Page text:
What a strange, dark, beautiful world Kathryn Davis has created in her novel Duplex. And the best part is how it sneaks up on you. Everything is all perfectly normal, but then there is, almost in passing, a sorcerer. And robots. And fairies. Horsewomen. Aquanats. But subtly, almost like you’re the strange one for seeing anything out of the ordinary. And you find yourself questioning whether you’ve seen anything at all.
There are also these grand historical events that occurred in no history this world has ever known, and yet the stories are so rich, delivered so believably, you find yourself wondering almost if they did happen.
The setting seems remote in time but then also current. Both at once. Davis’s world is familiar and yet also unfamiliar. Comforting and terrifying. There are elements of Alice through the looking glass at play here (complete with semi-animate hares, though grey, unlike Alice’s white rabbit, and decidedly more moody). It’s got some of the futuristic strangeness of some of George Saunders’s short stories along those lines, with also something of a Never Let Me Go (Kazuo Ishiguro) vibe in the mix.
Strong female characters, almost all female characters. The only men are straw men, except for the evil sorcerer and Eddie, the baseball player, who comes back from a career-ending injury, I’m still not sure, as a robot, some kind of physically perfect zombie, or as someone who sold his soul for a chance to play again.
It all sounds weird and disconnected. But it works, I’m telling you. It’s eerie, but it’s oh so good.
My favorite parts of the novel, though, were the parts that felt familiar. Davis captures some true human moments: the girl, Mary, who fills boxes with drawings of her boyfriend instead of doing arithmetic because “arithmetic bored her and besides, it was her plan to be an artist of some kind when she grew up.” (p. 10). Didn’t we all so plan? And who can’t also remember a time “when the future seemed so certain as if it had already happened and it was possible to summon even the smallest details of it as if they were distant memories”? (p. 123). And there were other truisms: “Whatever we can’t see has power over us.” (p. 154). That (this one offered, I think, somewhat tongue in cheek) “it was probably a good idea to like being looked at if you were a girl–it was probably key to survival.” p. 154. That girls don’t want to stay girls forever. “That’s the main thing about girls, am I right?…Girls are always in a big hurry to take the next step…the one about romance and marriage and babies.” This was offered in dialogue from one of the novel’s least-sympathetic characters, so I don’t think it was intended literally. But it certainly captures a certain type of person. Certain perceived attitudes.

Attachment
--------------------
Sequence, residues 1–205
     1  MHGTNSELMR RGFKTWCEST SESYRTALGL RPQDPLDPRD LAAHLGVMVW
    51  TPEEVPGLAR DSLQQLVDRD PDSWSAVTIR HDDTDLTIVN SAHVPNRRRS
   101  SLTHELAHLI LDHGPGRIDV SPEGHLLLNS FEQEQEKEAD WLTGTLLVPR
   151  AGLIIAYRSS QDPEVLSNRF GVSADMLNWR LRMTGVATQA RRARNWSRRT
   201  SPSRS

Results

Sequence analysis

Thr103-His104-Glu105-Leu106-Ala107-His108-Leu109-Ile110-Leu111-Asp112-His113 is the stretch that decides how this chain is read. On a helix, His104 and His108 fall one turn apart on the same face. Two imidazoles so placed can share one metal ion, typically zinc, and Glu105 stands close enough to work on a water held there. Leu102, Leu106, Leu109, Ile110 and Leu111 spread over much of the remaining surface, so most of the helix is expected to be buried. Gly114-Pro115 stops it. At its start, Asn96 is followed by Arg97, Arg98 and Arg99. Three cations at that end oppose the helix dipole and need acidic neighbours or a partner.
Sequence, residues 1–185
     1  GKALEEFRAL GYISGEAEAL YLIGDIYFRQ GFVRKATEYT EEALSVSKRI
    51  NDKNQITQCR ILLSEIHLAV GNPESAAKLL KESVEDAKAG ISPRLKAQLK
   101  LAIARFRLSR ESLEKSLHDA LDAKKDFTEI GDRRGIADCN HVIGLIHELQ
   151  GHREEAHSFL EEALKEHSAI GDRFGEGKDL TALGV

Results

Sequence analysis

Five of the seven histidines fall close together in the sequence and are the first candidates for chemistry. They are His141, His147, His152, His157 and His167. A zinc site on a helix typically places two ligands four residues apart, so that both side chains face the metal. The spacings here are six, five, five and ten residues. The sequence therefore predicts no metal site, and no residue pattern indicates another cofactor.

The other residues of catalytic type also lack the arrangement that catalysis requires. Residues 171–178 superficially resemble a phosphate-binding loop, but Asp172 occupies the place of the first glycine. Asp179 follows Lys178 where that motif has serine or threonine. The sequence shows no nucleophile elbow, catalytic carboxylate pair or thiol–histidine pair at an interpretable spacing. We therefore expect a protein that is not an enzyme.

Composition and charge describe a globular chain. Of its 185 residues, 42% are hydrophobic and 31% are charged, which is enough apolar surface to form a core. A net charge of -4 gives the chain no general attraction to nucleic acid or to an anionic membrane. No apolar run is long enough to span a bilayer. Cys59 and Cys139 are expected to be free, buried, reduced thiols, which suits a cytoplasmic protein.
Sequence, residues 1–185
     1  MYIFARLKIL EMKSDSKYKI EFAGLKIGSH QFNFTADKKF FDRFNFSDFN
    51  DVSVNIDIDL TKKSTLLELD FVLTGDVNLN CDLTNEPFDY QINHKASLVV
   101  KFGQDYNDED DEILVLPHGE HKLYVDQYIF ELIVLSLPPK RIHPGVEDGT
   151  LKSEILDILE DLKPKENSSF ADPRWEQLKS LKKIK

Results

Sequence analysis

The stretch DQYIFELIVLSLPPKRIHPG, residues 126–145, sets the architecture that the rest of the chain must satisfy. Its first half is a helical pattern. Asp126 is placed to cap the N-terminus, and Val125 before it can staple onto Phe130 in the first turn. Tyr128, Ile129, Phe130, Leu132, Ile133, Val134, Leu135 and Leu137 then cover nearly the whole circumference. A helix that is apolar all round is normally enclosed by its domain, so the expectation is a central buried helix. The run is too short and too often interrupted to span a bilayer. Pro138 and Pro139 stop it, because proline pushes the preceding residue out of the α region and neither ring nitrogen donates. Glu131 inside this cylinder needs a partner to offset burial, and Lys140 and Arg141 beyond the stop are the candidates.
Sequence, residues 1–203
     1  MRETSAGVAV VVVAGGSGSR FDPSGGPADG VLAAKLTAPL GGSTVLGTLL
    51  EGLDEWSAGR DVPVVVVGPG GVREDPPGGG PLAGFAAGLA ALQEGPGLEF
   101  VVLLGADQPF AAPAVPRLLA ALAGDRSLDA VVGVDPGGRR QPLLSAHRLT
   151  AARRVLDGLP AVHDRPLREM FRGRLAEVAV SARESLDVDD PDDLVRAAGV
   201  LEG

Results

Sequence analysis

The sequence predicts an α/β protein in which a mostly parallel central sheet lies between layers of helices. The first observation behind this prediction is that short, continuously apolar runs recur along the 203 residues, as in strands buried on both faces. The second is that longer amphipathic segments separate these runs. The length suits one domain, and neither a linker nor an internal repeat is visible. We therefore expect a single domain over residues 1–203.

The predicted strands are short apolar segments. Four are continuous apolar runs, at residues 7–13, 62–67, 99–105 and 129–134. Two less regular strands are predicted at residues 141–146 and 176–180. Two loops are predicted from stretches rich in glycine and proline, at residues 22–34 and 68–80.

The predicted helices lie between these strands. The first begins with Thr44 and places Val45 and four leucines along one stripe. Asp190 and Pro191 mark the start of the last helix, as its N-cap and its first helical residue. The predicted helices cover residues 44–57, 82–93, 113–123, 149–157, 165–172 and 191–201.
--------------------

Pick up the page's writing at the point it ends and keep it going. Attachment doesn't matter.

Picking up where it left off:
The most familiar sentiment for me, though, was the idea that the end of summer made Eddie sad, and Mary mocked him for it. There is a familiar truth in this for me that words can’t quite express. (pp. 175-176).
I felt like there were other literary/artistic allusions in the piece that I did not pick up on. I’d be interested to read or hear some about those. But the novel felt very rich and alive and new. A unique perspective, gorgeously executed. As one reviewer put it “Kathryn Davis is one of those rare writers whose books I always want to read a second time immediately after I’ve finished them.” (from Kevin Brockmeier, author of The Illumination). That is a rare feeling, but I felt it too (I felt the same about Julian Barnes’s The Sense of an Ending and already suspect I will feel that way about Stoner.).